Getting Political

What ‘The Hunger Games: Mockingjay – Part 1’ Has in Common with ISIS Videos and Killing Bin Laden

According to director Francis Lawrence, there’s a covert mission in the film that drew inspiration from SEAL Team Six, and an eerie similarity between President Snow and ISIS.

Murray Close/Lionsgate

The Hunger Games: Mockingjay – Part 1, the first cinematic chapter of the final installment in the dystopian film series, is the most political entry yet.

The movie, directed by Francis Lawrence, opens after the events of Catching Fire. Katniss Everdeen (Jennifer Lawrence) is in the psychiatric ward of District 13 where the rebel alliance, led by the resolute President Coin (Julianne Moore) and her Dick Cheney-ish advisor, Plutarch Heavensbee (Philip Seymour Hoffman), is readying for war with the Capitol. Katniss is suffering PTSD from the third Quarter Quell, where she ended the games by firing a charged arrow into the games’ force field, shattering it to pieces. The move, according to Coin, “electrified the nation,” and the oppressed districts are rallying behind their arrow-slinging rebel figurehead, or “Mockingjay.”

Coin and Heavensbee want Katniss to star in a series of Rosie the Riveter-esque propaganda films for the rebels displaying both the damage wreaked by the Capitol, including the destruction of her home, District 12, and their defiance in the face of it. As a counterpunch, the Capitol and President Snow (Donald Sutherland) have tortured the captured Peeta (Josh Hutcherson), starved him, and “hijacked” him—a method of extreme, drug-induced brainwashing.

“One of the big themes—if not the big theme—of Mockingjay – Part 1 is the battle of the airwaves,” Lawrence tells The Daily Beast. “I don’t think teenagers really understand the role propaganda has in our lives in terms of politics, advertising, and the general manipulation of imagery.”

Snow and the Capitol broadcast a series of interviews with a brainwashed, gaunt-looking Peeta where he repeats lines given to him by his captors—that the rebel alliance should lay down their arms and stop fighting, and that Katniss is merely a pawn to further Coin’s agenda. The coerced Peeta transmissions are eerily similar to recent videos of ISIS captives who have been forced to speak ill of the west.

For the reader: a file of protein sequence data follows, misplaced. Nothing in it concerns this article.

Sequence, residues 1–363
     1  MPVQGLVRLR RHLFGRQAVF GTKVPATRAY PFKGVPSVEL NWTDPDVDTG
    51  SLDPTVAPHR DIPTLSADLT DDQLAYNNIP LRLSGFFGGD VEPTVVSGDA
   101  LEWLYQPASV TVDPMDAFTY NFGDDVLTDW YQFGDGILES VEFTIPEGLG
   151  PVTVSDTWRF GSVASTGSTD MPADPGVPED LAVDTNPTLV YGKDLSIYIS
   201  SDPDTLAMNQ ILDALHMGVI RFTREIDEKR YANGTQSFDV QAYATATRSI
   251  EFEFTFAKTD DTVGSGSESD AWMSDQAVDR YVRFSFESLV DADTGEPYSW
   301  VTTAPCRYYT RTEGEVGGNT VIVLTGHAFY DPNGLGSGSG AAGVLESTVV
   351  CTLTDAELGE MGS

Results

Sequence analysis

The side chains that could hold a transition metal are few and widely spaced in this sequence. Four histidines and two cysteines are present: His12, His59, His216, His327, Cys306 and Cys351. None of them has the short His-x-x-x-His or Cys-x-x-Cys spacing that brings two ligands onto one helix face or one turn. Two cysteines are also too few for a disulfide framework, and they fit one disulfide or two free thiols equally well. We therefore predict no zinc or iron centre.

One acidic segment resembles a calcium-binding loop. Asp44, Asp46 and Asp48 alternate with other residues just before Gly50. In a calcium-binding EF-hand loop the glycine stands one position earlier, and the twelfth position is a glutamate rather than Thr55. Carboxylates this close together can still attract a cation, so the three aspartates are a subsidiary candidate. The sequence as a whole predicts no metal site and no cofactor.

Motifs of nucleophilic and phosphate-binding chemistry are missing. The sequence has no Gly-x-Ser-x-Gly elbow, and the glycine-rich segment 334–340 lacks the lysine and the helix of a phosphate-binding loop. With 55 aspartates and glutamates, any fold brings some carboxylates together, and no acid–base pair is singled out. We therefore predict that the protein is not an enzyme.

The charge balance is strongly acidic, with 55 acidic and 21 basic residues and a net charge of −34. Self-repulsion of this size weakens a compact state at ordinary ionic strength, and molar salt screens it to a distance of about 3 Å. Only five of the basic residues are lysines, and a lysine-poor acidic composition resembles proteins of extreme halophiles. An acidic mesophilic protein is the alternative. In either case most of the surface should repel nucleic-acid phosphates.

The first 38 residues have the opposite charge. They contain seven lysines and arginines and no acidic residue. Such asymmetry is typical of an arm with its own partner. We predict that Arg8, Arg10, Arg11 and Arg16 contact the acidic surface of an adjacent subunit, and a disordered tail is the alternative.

“I think there are parallels with ISIS,” says Lawrence. “We made this film before the videos were released, so it’s a chilling reminder of what can happen in the real world. Suzanne Collins wrote a series of books specifically about the consequences of war, and one of the facets we get to explore in this movie is the use of propaganda in war, and the manipulation of imagery and people in the use of propaganda. Unfortunately, this kind of thing has been happening for a really long time. Now, due to technology, it reaches people in a faster, more immediate way.”

Another real-world parallel with Mockingjay – Part 1 is a covert mission late in the film to rescue Peeta from the clutches of the Capitol. A volunteer team of six rebel fighters, led by Gale (Liam Hemsworth), flies in on a helicopter in the middle of the night and rappels down through a glass roof and into a compound allegedly housing Peeta.

“In the book, the rescue is obviously very important but since Katniss doesn’t go, she just hears about it, so it was something we had to engineer for the movie,” says Lawrence. “I was definitely inspired by Zero Dark Thirty as far as going in under cover of darkness, flying low, not being seen, and getting out really quickly.”

But the biggest likeness to Operation Neptune Spear is what occurs back at District 13’s command center. The six team members are wearing helmet-cams that transmit footage back to the base, and huddled together watching the footage is Katniss, Coin, Heavensbee, Beetee (Jeffrey Wright), and Finnick (Sam Claflin). The scene bears a striking resemblance to the now-iconic photo of President Obama, Secretary of State Hillary Clinton, Vice President Joe Biden, and the national security team crammed into the Situation Room watching the Bin Laden raid.

“That one photo down in the meeting room in the White House—absolutely,” Lawrence says of the comparison. “It was based on that general idea.” He adds, “My goal with Mockingjay is to make people think about war—the sides of war, the consequences of it, the propaganda, and the images we’re being shown.”

Tune in next week for the rest of our in-depth interview with Mockingjay director Francis Lawrence.